A HISTORY OF WARWICKSHIRE was also a variety of beads in amber and glass paste. One urn only was discovered : this was well fired, had been turned on the lathe, and was much ornamented. Close to the urn lay an iron sword, and across the mouth an iron spearhead, distinguished from the rest by a narrow bronze ring round the socket. Other pottery was found of a distinct character, comprising several cups capable of containing about half a pint each, imperfectly baked and in crumbling condition. 1 Of the objects figured from this site, two call for special mention as being of rare occurrence in Anglo-Saxon graves. One is a metal fragment described as ' an article of brass supposed to have been attached to a sword belt,' but its original breadth of 2^ inches leaves little room for doubt that it was the chape of a scabbard, the longitudinal ribs on both sides having clearly been attached to the leather sheath, which has perished. Whether this fragment originally belonged to the weapon found near the urn just mentioned it is perhaps impossible to decide, but it is in itself a rare specimen, and is sufficient evidence that a sword was once deposited with it in a grave. The other piece of special interest is a circular brooch of the same metal, from which the settings have disappeared. No detailed description is given, but the form is enough to refer it to a type common in the late Roman period, and frequently found in localities yielding Anglo-Saxon relics. The original setting seems to have been a carbuncle, either oval 2 or circular ; and while a find at Canterbury 3 shows a specimen associated with ornaments richly enamelled in the Roman manner, the national collection contains examples of both shapes from Roman and Anglo-Saxon sites. 4 The central cabochon has in most cases been lost, but a glass-paste imitation is found on some of the Roman examples ; while the Teutonic fashion was to cut the stone or glass into thin slabs and set these on gold foil. An interesting example of such work has been found near Rugby, 6 and consists of a gold stud, now somewhat damaged, with the centre ornamented in quadrants, and garnets in- laid in imbricated and step patterns, while the edge has oblong pieces of the same stones. This jewelled boss was probably intended to ornament a circular brooch, a buckle, or even a cup, 6 and may have been subsequently attached as a P omme l to a sword-hilt, as rough holes at the bottom and at two opposite points on the rim show that an unskilled hand has fastened it by means of a wire or metal band. Coloured drawings of other brooches found on this site are given in Akerman's Pagan Saxondom, pi. xviii., including two long narrow speci- 1 Roach Smith, Collectanea Antijua, i. 41, where the cinerary urn is figured ; other objects on pi. xviii. p. 36; Society of Antiquaries, Proceedings, ser. I, iii. 55 ; Bloxam, fragmenta SepulchraKa, pp. 5 2 . 53. 57 ; an( i Monumental Architecture and Sculpture of Great Britain, pp. 34, 44, 52. 2 A specimen found at Ragley Park and noticed below seems to have been of this description. 3 Roach Smith, Collectanea Antiqua, vii. 202, pi. xx. fig. 3.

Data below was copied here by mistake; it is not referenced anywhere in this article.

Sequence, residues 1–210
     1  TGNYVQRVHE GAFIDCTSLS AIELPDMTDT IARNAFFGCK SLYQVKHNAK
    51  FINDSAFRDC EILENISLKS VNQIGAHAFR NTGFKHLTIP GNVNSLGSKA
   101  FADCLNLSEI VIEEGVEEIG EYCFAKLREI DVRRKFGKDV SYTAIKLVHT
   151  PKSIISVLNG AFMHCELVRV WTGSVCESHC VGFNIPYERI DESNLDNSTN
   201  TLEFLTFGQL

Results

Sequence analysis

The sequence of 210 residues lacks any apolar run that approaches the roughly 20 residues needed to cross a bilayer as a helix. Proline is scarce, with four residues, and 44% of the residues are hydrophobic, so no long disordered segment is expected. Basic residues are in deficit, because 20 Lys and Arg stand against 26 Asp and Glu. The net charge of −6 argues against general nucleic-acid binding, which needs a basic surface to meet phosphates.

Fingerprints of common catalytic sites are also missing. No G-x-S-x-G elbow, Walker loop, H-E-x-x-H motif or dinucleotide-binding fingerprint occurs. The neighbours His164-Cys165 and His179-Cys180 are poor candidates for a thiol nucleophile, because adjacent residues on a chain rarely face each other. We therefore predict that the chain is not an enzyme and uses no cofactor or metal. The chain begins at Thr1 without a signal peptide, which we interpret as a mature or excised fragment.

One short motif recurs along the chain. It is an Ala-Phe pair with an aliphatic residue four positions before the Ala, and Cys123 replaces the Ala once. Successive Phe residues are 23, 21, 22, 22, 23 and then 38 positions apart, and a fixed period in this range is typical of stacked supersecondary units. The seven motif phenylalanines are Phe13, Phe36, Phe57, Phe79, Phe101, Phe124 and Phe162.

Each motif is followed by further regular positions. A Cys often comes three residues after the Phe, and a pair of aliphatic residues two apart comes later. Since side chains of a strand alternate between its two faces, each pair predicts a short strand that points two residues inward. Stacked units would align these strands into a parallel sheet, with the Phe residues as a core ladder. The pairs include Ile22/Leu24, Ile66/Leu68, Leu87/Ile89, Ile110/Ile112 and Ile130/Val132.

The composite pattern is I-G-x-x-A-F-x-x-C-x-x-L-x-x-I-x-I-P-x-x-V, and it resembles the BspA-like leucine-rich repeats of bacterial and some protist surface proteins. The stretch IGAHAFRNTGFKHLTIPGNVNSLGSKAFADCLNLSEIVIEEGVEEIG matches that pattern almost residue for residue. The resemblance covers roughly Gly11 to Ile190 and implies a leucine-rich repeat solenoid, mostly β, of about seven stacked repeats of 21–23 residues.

- Long Wittenham and East ShefFord, Berks ; and Haslingfield, Cambs.
6 Preserved in the School Art Museum, and kindly lent for illustration by Mr. Thos. Lindsay. 6 Compare the Kentish jewellery, the Taplow buckle, and the Ardagh chalice. 254